We have an Auntie Sandy in our lives and she is a complete rock star to my kids. Telling my kids that they are having an overnight at Auntie Sandy’s is like telling my husband his kids are having an overnight anywhere! It’s pretty freaking amazing.
So when my eldest told me she doesn’t want to sleep in Auntie Sandy’s room I thought it was so odd. She worships this woman. When I asked her why she sheepishly told me that Charlie, my Aunt's adorable Yorkie, keeps her up all night moving about and scratching. Her words exactly - “Mom, the next day I’m just exhausted.”
This got me thinking. I know many people struggle with sleep when bed sharing with their toddlers, or are kept awake at night from their partner snoring. I also know a lot of people who sleep with their pets, so it would make sense that those who bed share with their pets also struggle with sleep, right?
According to a recent survey of pet owners by the American Pet Products Association, nearly half of those who participated slept with their dogs and 62% slept with their cats, 13% of those cats slept with children. A 2012 Harris poll revealed that more women slept with their pets than men, while cats were the more common bed fellows compared to dogs.
First I’m going to ignore the scary “Bed Sharing With Pet” headlines like the potential to contract the bubonic plague, cat scratch fever (nope, not the song), or meningitis. You have a higher chance of becoming George Clooney’s third wife than contracting any of these illnesses.
As I tell all my families who have a family bed: if what you are doing works for your family, and you are all able to get the healthy sleep you need to function and be a thriving family unit, who am I to tell you to stop? It’s the same with your pets. If you don’t have asthma and your sleep isn’t disrupted throughout the night, then sleeping with your pet is perfectly fine. Actually sleeping with your dog or cat has been proven for some to help with insomnia due to stress and anxiety, and works better than using any other form of sleeping aid. Better health can be promoted as studies have shown this arrangement can reduce blood pressure, cholesterol levels, and general feelings of loneliness.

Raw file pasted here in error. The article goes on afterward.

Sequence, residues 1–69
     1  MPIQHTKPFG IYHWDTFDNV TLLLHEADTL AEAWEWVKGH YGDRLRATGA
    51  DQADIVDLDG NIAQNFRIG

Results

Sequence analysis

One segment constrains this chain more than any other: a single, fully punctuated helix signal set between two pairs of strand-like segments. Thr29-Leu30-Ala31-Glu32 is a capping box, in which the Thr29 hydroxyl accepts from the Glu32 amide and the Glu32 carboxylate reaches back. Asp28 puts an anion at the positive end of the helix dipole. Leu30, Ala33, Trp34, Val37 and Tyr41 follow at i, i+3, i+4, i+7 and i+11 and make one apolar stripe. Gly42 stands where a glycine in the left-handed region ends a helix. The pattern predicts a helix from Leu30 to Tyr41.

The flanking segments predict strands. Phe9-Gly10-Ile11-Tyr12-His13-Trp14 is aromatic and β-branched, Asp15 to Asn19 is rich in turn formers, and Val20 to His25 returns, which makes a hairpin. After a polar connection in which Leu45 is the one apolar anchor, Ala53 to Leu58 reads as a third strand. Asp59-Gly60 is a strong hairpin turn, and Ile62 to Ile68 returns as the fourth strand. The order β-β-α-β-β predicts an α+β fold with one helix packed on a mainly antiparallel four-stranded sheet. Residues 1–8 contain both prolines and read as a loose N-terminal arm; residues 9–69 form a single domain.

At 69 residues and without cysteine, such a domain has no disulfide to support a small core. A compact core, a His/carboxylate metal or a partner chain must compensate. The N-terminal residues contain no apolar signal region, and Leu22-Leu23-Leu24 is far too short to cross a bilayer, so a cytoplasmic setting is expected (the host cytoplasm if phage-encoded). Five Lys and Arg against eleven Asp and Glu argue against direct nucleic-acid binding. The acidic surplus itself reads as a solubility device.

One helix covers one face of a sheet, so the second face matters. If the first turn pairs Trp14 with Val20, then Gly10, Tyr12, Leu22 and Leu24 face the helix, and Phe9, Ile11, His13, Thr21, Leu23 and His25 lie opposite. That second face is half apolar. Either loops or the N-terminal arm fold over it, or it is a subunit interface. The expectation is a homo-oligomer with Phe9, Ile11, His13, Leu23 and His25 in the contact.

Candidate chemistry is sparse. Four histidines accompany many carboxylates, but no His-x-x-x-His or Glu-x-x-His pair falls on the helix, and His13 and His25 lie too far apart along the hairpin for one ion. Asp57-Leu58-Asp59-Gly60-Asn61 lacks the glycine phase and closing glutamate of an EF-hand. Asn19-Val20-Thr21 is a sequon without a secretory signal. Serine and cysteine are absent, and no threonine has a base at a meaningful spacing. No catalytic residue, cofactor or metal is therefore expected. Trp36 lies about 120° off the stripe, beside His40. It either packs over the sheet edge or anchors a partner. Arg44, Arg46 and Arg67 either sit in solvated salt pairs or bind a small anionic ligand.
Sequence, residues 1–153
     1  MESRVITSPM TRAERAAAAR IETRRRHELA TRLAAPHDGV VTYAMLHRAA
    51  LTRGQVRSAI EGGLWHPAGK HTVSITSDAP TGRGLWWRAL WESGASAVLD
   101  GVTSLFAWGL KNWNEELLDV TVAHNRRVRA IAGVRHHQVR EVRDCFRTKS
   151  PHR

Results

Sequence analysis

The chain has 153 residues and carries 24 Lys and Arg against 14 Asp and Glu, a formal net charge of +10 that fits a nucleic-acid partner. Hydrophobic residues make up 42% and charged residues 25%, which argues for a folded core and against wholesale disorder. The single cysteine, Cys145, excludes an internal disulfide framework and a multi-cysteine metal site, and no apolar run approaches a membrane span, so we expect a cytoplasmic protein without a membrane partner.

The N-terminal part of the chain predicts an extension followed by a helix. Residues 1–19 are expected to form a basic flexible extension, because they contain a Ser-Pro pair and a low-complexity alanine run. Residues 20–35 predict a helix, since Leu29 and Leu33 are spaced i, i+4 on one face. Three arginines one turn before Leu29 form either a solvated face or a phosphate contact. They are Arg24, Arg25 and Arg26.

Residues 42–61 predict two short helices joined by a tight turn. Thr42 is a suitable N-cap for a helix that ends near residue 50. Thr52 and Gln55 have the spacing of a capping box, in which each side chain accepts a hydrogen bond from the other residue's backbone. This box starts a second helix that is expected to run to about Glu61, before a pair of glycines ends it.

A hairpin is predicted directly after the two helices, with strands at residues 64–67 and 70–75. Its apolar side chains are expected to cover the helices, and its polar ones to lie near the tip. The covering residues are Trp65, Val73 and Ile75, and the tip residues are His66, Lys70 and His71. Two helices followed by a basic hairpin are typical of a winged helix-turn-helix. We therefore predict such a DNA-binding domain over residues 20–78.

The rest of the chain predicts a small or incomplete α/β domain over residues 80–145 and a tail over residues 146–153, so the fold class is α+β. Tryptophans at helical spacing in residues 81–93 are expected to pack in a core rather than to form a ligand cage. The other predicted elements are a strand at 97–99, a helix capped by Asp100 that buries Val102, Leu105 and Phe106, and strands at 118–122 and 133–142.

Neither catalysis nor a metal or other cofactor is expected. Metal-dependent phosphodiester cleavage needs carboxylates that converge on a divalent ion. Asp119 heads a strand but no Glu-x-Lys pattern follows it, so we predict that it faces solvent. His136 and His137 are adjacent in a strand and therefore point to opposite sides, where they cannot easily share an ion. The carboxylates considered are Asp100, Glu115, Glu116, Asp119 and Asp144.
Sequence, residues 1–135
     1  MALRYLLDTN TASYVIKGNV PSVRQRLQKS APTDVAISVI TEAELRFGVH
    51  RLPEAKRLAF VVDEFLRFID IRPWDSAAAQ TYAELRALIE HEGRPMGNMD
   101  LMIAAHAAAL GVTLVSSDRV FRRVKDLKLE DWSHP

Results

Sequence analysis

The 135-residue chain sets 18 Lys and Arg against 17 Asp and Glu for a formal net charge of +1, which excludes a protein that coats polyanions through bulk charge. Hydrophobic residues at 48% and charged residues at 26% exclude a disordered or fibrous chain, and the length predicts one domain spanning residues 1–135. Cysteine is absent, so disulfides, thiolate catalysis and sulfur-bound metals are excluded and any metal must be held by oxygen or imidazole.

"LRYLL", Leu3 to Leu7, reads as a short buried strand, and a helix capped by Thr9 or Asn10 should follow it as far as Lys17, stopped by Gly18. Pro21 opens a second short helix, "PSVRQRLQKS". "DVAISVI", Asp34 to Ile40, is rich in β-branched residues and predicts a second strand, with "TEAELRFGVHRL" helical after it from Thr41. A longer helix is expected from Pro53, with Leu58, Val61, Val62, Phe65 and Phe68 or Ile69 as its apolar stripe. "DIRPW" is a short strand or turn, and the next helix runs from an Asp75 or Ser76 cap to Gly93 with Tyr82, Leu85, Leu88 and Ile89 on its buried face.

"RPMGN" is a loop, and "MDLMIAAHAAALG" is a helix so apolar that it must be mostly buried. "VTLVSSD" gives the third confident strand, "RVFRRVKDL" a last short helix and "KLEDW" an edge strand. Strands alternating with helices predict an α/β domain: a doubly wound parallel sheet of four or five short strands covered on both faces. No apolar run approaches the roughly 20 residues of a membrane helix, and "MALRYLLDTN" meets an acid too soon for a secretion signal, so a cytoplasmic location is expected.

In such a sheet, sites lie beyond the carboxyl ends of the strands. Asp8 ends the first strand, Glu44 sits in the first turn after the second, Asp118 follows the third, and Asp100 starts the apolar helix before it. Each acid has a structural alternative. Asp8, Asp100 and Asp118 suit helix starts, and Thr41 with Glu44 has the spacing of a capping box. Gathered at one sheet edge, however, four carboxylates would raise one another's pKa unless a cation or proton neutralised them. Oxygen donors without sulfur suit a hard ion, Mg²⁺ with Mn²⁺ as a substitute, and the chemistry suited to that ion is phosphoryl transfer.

If you do sleep with your pet and feel that changes need to be made, it may take some time and lots of consistency. It’s tough to train a pet to sleep in a new environment. If you are consistent with removing them from your bed, it could take a few weeks before new habits are created. It also may be a good idea to call a professional trainer that can help develop a plan and coach you through it.
So if sleeping with your pet works for you it’s okay, just make sure you have good flea and tick control, cuddle up, and sleep on.
I provide free child and family sleep support on my Facebook page. I invite you to join our sleep community as I work towards Good Night Sleep Site's mission of a healthier rested family unit. For more sleep tips please visit Good Night Sleep Site and visit me on Instagram and Twitter. Join our movement and #BringBackBedtime.